“We have come now to the memorable “assault on Kenesaw” the 27th of June, when our division was moved to the right, and made a charge on the enemy’s works in front of the line occupied by Gen. Stanley’s division. Other charges were made in other parts of the line, all of which were unsuccessful. But that of our division was the severest. Our regiment was in the hottest of it. The division charged in solid mass, and found the enemy posted behind heavy earthworks with an abatis of brush in front, and three rows of sharpened stakes driven in front of their works, so that our men could not pass without stopping to pull them out; and to stop while making a charge is almost certain death. With grape and canister raking our boys both in flank and front, nothing but a depression in the ground kept them from being annihilated. Capt. Bowen and Major Hammond with the colors rallied about 150 men just under the hill, after the main part of the division had fallen back, and sent for entrenching tools, and would have made good their position within 60 yards of the enemy’s works. But instead of sending them tools, Gen. Wagner, commanding the brigade, thought it wiser to order the Major to bring the men in. When they got back behind the entrenchments they found the rest of the brigade forming their lines, and the belief current that the Major, Capt. Bowen, and the men, had been killed, and the colors lost, and their return was an agreeable surprise. Our color-bearer, Michael Murphy, carried the colors within ten steps of the rebel works and brought them safely away again.” In this charge which was equal in daring and hopelessness to the famous “charge of the 600;” and which now at least, in the cool distance, seems to have been uncalled for, and made without adequate promise of compensating good, and which Gen. Sherman labors somewhat in his report to justify, – the assaulting column suffered so severely as to draw tears even from the eyes of the enemy. For, as an eye witness relates, (one of the officers of the 100th) “The rebels sent our men word that the woods were on fire, and we had better come and take care of our killed and wounded. Lieut. Bartlett went with a detail of men, and while thus engaged conversed with a noble looking captain of the rebel army, who, as he looked upon the scene, said, with tears rolling down his cheeks, ‘This is awful, awful – but we had to do it.'” In this assault, the severest in which the 100th was ever engaged, the regiment lost three killed and 16 wounded, as in list below. Among the valuable lives lost that day was Gen. Harker, commanding one of the brigades in our division, a man and an officer greatly beloved, not only by his own command, but by all who knew him, and who only four days before had shed tears over the remains of our colonel. The following graphic description of the assault of the 4th corps was written immediately after by the correspondent of the “Cincinnati Commercial,” and is so truthful and interesting that I cannot forbear copying it entire.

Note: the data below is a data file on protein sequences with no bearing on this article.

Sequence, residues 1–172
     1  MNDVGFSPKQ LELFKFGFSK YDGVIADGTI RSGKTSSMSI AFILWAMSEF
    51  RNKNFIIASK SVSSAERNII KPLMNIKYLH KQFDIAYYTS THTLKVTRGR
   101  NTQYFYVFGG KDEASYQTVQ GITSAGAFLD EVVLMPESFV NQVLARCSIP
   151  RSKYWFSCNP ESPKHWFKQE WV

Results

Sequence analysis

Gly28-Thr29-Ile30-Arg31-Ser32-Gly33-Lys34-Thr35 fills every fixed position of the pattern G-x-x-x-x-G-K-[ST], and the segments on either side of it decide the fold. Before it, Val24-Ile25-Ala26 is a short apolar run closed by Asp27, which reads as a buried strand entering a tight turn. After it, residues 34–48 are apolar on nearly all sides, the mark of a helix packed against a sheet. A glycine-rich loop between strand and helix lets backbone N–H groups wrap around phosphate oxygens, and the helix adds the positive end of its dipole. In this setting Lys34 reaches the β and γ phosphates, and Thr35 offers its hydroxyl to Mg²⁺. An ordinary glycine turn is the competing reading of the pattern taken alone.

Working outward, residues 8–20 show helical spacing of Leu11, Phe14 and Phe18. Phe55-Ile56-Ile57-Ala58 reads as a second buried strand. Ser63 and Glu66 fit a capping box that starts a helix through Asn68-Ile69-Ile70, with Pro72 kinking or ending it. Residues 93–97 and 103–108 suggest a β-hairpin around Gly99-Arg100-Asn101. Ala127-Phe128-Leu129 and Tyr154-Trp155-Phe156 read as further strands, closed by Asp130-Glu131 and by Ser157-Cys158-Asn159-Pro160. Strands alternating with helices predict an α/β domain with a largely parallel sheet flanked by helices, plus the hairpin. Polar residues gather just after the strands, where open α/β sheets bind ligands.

“The 4th and 14th corps, the staunch center of the army, were called upon to give fresh proof of their valor to-day. These two corps, though originally in front of Kenesaw, had been pushed by the converging advance of our army to the southward of that frowning peak. The noble 4th corps, though by heavy odds the heaviest sufferer of the army, was the one of the three from which the assault was demanded. The boys were tired of heavy skirmishing; it had grown tedious, and lost its excitement, and I believe when they were apprized that their corps was to furnish two or three assaulting columns, they received the intelligence with a quick interest – nothing more. This thing of killing and being killed, had become an every day affair. Every platoon in the corps had bled freely since the campaign opened. They felt probably, as all veterans must feel, some apprehension, for the result of an assault upon a heavily fortified enemy, but none for themselves. Early in the gray of the morning, the preparations for the assault commenced, the first symptom being an unusually early breakfast. There was no evidence in the movement or bearing of the men, that they were so soon to essay “the deadly imminent breach;” though they must have been conscious that the task laid out for them was one which none but men hoping to meet death would covet. Between 7 and 8 o’clock the lines were formed. Newton’s division, consisting of Generals Wagner, Kimball, and Harker’s brigades, being selected as the storming parties. Kimball’s being on the left and somewhat retired, to act as a support of the other two. Wagner’s held the center, and Harker’s the right. Wood’s and Stanley’s divisions of the 4th corps furnished supports on the flanks of the assaulting brigades, but they were not seriously engaged, and their loss is trifling.